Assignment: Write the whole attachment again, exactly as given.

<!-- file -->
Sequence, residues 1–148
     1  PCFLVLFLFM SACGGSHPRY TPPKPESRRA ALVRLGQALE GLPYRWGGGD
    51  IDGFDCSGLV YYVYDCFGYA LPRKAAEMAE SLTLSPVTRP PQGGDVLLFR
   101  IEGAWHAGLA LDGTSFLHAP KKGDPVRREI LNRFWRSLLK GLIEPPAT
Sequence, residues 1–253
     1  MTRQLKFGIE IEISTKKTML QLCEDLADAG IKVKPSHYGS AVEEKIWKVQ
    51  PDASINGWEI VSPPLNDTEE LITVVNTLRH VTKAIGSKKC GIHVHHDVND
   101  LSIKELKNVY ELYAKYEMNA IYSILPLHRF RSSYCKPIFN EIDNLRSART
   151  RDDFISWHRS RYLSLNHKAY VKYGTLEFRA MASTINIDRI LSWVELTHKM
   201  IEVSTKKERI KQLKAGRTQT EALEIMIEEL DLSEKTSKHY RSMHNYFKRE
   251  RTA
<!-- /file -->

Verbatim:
Sequence, residues 1–148
     1  PCFLVLFLFM SACGGSHPRY TPPKPESRRA ALVRLGQALE GLPYRWGGGD
    51  IDGFDCSGLV YYVYDCFGYA LPRKAAEMAE SLTLSPVTRP PQGGDVLLFR
   101  IEGAWHAGLA LDGTSFLHAP KKGDPVRREI LNRFWRSLLK GLIEPPAT
Sequence, residues 1–253
     1  MTRQLKFGIE IEISTKKTML QLCEDLADAG IKVKPSHYGS AVEEKIWKVQ
    51  PDASINGWEI VSPPLNDTEE LITVVNTLRH VTKAIGSKKC GIHVHHDVND
   101  LSIKELKNVY ELYAKYEMNA IYSILPLHRF RSSYCKPIFN EIDNLRSART
   151  RDDFISWHRS RYLSLNHKAY VKYGTLEFRA MASTINIDRI LSWVELTHKM
   201  IEVSTKKERI KQLKAGRTQT EALEIMIEEL DLSEKTSKHY RSMHNYFKRE
   251  RTA